With its large and varied land base and cooler climate reducing problems from pests and disease, Canada is an ideal country for producing organic food.



Canadian farmers' support for the organic way of life is on the rise and organic sales are climbing as more and more organic food is being sold through mainstream grocery stores. The organic industry in Canada has been increasing at a rate of 15 per cent each year over the past decade. In 2003, there were more than 3317 certified organic producers in Canada, approximately 456 certified processors and 30 certification bodies - many with accreditation from various foreign accreditors. Industry estimates of the value of the 2003 organic retail market range from $800 million to $1.3 billion. Projections for 2005 indicate organic retail sales growth may increase to $3.1 billion.



Most Canadian organic products are exported to the European Union and the United States and about five per cent of Canadian exports go to Japan. Organic grains, seeds and flours represent Canada's largest export commodity. Other key organic exports include processed food and beverages, maple syrup, apples and vegetables.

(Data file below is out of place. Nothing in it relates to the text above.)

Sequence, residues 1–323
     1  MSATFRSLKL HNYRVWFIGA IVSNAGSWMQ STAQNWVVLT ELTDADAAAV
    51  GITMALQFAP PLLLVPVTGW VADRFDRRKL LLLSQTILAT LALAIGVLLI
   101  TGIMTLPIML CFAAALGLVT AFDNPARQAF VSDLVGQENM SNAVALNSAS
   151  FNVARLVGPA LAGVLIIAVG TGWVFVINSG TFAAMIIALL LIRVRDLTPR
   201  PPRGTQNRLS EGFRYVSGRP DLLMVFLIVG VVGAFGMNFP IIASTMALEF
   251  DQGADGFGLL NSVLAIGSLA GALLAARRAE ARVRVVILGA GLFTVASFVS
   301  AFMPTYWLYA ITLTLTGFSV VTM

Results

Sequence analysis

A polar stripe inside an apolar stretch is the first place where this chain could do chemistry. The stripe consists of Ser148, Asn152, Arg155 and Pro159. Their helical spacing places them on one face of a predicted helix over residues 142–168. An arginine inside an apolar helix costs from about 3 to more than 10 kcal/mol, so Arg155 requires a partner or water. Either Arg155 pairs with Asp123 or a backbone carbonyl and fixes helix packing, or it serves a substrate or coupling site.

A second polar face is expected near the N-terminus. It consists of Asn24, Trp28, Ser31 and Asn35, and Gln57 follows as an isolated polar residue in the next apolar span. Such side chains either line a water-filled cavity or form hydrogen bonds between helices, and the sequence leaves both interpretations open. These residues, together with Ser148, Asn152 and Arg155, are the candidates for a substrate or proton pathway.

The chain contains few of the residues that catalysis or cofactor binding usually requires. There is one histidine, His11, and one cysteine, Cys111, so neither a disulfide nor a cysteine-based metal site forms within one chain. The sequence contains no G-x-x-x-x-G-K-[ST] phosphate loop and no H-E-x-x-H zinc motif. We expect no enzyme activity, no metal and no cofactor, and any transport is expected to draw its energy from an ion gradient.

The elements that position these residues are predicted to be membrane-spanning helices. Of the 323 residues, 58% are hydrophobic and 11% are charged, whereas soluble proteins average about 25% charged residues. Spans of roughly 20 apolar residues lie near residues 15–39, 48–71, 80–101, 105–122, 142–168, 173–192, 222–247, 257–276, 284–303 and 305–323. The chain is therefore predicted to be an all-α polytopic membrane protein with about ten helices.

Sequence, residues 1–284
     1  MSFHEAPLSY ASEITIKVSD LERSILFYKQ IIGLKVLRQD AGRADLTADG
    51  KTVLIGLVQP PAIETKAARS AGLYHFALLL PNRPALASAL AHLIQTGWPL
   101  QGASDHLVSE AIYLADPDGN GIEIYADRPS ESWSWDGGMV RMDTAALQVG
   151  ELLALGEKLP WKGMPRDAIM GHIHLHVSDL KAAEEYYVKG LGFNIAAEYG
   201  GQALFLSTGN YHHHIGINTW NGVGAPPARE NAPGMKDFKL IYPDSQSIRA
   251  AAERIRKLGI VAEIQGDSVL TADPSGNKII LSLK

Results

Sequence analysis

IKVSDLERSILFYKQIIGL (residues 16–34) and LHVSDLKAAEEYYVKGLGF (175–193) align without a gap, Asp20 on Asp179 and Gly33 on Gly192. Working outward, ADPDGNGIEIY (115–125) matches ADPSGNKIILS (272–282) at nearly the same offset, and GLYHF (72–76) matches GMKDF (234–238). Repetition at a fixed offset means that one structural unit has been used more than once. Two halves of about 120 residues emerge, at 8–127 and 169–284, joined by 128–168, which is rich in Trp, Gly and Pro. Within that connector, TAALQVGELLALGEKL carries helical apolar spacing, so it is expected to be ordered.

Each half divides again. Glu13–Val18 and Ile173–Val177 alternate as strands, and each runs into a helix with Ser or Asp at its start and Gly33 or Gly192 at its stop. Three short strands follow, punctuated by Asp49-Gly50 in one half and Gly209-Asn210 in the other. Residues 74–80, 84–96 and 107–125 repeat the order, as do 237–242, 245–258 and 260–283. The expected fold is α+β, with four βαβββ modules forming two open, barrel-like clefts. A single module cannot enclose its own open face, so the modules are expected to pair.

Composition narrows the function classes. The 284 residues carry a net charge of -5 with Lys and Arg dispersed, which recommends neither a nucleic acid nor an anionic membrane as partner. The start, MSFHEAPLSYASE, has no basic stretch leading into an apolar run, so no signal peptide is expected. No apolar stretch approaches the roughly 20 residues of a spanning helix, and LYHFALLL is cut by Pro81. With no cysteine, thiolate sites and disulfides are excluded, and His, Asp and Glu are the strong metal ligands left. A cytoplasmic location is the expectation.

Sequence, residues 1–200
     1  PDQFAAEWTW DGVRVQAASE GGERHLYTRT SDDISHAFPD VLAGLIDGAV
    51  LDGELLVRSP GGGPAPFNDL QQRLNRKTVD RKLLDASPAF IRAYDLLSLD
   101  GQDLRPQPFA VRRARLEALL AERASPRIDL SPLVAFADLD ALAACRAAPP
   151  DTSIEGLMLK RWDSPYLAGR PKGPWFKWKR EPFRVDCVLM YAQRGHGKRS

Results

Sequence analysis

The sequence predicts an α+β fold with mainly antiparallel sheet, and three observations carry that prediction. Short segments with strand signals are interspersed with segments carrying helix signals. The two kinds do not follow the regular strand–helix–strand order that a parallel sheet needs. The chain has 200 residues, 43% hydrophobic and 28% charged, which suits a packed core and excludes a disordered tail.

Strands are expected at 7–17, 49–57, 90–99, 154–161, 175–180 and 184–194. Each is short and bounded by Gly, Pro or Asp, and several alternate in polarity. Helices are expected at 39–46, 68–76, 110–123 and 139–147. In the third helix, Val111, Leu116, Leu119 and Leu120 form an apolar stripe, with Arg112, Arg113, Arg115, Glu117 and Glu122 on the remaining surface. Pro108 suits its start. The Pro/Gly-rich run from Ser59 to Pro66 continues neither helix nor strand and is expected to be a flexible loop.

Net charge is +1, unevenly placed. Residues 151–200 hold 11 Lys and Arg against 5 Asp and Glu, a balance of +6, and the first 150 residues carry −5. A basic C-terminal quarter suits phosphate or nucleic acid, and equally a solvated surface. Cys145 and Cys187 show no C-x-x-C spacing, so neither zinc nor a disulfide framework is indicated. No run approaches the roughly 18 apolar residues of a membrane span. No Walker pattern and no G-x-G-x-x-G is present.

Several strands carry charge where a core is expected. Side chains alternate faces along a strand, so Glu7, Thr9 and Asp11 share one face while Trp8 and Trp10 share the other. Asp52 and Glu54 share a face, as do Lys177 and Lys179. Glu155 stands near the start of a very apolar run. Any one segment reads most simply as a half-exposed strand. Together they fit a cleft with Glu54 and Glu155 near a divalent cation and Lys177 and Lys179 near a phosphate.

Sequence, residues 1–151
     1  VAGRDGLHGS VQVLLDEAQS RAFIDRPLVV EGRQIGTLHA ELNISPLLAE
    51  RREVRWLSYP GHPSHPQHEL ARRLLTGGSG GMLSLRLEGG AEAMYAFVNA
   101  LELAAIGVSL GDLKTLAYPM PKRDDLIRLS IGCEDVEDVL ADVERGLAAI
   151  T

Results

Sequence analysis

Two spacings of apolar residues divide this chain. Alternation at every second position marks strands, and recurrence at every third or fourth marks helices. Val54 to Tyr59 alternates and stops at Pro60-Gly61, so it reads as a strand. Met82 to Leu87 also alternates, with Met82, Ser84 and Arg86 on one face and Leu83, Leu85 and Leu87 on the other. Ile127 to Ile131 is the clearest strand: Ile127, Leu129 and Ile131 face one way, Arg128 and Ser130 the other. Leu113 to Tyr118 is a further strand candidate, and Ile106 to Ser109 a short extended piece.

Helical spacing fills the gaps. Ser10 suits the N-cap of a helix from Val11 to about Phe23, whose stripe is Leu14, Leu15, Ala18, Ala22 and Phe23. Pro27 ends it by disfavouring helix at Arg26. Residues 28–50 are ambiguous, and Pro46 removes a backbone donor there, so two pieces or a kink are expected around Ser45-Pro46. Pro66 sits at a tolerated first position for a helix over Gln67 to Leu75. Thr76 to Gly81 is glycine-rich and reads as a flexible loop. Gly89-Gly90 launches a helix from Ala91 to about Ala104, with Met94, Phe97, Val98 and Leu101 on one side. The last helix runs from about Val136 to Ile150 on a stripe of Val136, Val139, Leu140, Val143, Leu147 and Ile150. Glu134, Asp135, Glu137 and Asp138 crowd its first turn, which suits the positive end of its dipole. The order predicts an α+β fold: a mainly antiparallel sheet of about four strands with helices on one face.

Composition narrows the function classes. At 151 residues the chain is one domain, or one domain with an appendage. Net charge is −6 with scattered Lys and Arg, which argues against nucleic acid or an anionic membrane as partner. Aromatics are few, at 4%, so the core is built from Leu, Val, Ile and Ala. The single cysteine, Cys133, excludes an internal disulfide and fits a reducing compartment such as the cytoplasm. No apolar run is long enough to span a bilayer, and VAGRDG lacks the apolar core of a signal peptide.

The Government of Canada recognizes the importance of the organic food production sector. In November 2004, in response to industry requests, consumer concerns and emerging international trade requirements, Agriculture and Agri-Food Canada and the Canadian Food Inspection Agency, in co-operation with International Trade Canada, formed the Organic Production System Task Force. Throughout 2005, in consultation with the organic industry and Canada's provincial and territorial governments and additional federal institutions, the task force will work towards the development and implementation of an organic standard and certification system for effective consumer protection and to meet the December 31, 2005 European Union third-country equivalence list deadline for national organic production systems.



For information and updates on the Organic Production System Task Force, write to OrganicTF@inspection.gc.ca.



Source: National Standard for Organic Agriculture